Disgaea: Hour of Darkness
The story of Disgaea revolves around a demon prince, Laharl who awakens after a long two year slumber to learn that his father, King Krichevskoy of the Netherworld, has passed away. With the Overlord (King Krichevskoy) deceased, his once loyal subjects have long forgotten him and the birthright that follows. Despite Laharl being the rightful heir to the throne, the once loyal demons feud amongst one another to take control of the Netherworld. Meanwhile an overly diabolic scheme is plotted in the heavens by the angels. An angel trainee Flonne is sent to assassinate the believed-to-be-living Overlord, King Krichevskoy. However, trainee Flonne learns that in his stead lays the demon prince. Without being able to complete her objective, she decides to join Laharl, in order to spread love amongst the demons. Laharl is also joined by his coup de aide, Etna and her pervasive and idiotic band of monsters, prinnies, small creatures that resemble penguins. So join Laharl, his coup de aide Etna, and the angle trainee Flonne, as they race to overcome those who wish to usurp the throne from the rightful heir and under cover the treacherous plot that heralds from the heavens in this exciting and entertaining game.
The actual story of Disgaea goes pretty quickly, with only fourteen episodes. However, each episode has a number of sub-episodes (battles) to go through. So you can't simply play through all of the episodes right off the bat. The real breadth of game play takes place in your preparation for each battle. In the game you can revisit all the sub-episodes, where you can level up your characters and acquire new items.
One of the most important features of this game is the Item World. Every single item, whether an accessory, weapon, armor, or usable item can be visited in the Item World. Here you can level up your items (and your characters in the process) to make them stronger. Each item consists of 100 levels. Each level is a floor where you must battle on a random map with a random number of enemies. Of course, the more powerful the item, the stronger the enemies, as well the higher levels consist of stronger enemies. At the end of every 10 levels, you face a floor boss. These bosses range from Item Generals to Item Kings to Item Gods. Of course, these guys are really tough and while you do not need to defeat them, if you do, you're rewarded with a bigger increase in your item's statistics. Also you can't exit the Item World unless you have a certain item, a Mr. Gency Exit. However, at the end of every 10 floors, you are given a chance to exit the item world.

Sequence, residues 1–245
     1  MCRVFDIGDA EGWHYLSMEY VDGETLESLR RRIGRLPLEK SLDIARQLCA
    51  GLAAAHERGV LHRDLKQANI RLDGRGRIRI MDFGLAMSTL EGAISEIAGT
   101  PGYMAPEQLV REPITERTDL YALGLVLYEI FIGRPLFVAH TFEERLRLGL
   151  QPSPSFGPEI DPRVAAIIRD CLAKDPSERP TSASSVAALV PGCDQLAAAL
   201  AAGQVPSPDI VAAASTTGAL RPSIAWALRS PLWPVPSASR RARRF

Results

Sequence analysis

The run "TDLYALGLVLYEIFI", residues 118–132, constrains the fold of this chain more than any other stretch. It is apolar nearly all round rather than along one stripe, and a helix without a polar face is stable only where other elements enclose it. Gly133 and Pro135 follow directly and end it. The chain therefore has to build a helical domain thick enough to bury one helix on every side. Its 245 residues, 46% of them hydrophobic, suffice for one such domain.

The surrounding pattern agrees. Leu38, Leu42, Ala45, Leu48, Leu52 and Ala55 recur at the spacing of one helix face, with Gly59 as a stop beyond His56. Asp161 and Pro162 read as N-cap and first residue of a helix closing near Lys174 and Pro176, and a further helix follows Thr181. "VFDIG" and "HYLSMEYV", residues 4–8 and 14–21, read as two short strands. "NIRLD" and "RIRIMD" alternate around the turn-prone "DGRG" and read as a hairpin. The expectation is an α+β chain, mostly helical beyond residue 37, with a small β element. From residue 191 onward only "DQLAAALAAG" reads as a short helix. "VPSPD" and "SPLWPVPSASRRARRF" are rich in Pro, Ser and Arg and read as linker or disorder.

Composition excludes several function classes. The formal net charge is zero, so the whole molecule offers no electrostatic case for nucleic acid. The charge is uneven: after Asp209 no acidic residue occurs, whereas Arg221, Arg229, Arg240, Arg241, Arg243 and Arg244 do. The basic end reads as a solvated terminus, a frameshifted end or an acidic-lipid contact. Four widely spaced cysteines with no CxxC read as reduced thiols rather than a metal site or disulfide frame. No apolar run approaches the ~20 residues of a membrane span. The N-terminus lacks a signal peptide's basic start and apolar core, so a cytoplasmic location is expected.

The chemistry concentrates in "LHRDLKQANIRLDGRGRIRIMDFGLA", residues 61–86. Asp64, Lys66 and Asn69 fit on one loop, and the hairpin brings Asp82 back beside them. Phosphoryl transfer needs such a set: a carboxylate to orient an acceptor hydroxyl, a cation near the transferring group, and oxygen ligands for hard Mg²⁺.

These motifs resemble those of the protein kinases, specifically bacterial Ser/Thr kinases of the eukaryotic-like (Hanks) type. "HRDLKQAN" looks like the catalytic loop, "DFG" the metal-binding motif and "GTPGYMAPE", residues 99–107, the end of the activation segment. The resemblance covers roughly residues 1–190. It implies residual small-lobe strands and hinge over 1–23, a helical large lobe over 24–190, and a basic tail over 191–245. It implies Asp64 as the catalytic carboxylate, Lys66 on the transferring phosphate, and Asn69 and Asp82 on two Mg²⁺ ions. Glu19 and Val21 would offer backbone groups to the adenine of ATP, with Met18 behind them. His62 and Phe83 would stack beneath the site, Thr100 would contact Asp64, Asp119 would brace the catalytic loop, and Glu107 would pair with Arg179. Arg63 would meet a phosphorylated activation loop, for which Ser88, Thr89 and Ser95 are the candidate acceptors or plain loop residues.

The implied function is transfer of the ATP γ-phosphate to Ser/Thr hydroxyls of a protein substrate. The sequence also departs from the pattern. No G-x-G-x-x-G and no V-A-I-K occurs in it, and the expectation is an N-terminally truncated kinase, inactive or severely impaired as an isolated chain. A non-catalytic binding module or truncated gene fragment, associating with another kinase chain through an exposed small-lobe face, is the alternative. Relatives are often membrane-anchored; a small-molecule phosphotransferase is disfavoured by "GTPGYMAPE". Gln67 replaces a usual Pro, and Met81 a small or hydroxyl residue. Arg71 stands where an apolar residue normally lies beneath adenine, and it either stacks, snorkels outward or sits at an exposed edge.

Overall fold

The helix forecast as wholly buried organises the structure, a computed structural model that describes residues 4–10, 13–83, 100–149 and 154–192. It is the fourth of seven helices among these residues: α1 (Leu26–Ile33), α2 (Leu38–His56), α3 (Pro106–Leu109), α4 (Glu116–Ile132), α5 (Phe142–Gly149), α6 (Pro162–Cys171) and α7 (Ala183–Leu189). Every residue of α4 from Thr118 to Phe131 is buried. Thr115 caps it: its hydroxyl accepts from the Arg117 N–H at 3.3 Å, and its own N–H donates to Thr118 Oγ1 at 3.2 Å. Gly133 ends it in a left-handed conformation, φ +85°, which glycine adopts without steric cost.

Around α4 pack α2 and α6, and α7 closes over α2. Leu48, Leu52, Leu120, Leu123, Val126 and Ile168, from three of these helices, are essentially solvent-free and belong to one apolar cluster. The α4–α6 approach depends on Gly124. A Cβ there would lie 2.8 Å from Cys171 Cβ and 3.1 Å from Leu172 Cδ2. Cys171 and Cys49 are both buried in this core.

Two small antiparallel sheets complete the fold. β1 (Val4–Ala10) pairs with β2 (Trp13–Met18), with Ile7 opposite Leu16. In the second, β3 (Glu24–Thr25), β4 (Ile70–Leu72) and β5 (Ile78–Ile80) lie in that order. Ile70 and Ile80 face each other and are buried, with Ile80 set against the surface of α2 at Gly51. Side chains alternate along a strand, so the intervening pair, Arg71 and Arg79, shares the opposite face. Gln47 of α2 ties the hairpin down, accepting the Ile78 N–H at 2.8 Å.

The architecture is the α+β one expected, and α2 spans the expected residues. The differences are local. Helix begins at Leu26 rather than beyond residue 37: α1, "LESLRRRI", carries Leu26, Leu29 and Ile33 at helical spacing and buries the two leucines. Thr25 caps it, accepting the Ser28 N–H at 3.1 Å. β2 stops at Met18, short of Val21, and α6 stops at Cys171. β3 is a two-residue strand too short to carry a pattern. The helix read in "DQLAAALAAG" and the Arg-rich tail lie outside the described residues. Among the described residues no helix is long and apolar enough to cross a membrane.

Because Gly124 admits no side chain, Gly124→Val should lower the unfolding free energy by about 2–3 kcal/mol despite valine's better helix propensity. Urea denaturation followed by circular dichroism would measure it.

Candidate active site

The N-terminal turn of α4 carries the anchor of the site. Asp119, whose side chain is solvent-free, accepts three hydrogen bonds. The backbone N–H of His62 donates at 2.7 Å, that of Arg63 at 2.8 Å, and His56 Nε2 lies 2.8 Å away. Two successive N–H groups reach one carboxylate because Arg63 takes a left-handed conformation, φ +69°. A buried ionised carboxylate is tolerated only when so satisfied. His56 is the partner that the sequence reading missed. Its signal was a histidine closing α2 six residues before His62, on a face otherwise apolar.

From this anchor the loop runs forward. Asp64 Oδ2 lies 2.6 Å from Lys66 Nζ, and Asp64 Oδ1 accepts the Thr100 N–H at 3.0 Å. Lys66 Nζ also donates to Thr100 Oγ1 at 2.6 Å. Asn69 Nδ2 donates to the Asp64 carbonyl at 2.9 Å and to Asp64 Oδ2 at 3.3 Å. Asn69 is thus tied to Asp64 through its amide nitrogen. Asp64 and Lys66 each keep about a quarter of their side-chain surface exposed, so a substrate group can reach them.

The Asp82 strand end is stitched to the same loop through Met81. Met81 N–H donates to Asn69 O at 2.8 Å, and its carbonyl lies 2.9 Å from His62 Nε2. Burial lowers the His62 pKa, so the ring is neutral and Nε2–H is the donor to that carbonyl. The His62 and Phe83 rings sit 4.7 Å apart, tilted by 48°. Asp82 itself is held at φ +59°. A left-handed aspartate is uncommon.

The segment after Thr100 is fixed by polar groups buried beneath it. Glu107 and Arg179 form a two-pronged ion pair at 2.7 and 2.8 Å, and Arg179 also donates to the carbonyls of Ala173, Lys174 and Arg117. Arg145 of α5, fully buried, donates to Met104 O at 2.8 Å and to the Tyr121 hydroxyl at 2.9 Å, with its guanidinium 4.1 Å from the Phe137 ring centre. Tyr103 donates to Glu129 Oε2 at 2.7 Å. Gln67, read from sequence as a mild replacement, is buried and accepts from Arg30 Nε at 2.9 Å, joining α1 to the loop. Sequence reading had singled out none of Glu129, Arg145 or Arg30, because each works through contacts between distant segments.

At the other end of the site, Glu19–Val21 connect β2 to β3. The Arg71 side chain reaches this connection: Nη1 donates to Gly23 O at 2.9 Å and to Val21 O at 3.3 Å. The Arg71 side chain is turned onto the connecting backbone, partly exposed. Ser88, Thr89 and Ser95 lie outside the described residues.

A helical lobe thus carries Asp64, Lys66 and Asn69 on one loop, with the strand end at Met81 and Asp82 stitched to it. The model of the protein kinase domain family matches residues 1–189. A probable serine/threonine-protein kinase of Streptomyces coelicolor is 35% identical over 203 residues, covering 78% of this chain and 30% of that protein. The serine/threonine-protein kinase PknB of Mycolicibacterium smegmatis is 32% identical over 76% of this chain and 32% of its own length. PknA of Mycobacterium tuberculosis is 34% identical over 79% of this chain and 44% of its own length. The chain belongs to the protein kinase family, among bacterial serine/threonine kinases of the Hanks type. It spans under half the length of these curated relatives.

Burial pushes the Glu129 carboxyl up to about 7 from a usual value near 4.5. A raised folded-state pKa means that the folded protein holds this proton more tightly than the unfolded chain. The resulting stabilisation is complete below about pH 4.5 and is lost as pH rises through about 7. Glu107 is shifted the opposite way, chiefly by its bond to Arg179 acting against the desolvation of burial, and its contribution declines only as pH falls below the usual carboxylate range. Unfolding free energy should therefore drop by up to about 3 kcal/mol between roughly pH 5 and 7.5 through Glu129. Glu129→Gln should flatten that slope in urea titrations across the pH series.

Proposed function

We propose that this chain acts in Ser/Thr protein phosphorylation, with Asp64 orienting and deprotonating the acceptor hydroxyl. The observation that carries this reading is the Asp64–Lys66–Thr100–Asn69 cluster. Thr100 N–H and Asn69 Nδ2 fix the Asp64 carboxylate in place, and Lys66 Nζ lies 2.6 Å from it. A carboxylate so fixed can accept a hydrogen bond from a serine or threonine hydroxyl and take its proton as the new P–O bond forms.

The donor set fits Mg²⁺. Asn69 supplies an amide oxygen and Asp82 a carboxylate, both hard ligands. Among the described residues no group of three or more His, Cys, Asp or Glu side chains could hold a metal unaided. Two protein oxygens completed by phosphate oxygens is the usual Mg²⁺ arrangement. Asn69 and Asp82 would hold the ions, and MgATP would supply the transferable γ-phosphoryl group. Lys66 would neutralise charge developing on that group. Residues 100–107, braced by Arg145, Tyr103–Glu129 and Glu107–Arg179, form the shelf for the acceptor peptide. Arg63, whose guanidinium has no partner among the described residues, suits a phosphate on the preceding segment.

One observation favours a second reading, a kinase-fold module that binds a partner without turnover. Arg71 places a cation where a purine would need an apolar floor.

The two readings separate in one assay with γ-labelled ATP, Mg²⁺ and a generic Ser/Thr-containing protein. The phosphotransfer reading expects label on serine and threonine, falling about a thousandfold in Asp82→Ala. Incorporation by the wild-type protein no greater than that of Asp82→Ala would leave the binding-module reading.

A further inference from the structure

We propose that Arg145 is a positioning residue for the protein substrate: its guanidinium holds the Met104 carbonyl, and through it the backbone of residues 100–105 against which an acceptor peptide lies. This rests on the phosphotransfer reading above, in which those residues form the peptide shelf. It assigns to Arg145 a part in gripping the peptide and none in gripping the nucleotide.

Furthermore, each item has a rarity level. The higher the rarity, the more slots it has. What are these slots for? Well, in each item there are different "specialists", which give bonuses to the item's attributes. During your trials in the item world, if you defeat a specialist, they're considered to be subdued. Once subdued, you can move them from item to item and also combine them with other subdued specialists of the same type. This enables you with the ability to customize your items and the ability to produce very powerful items.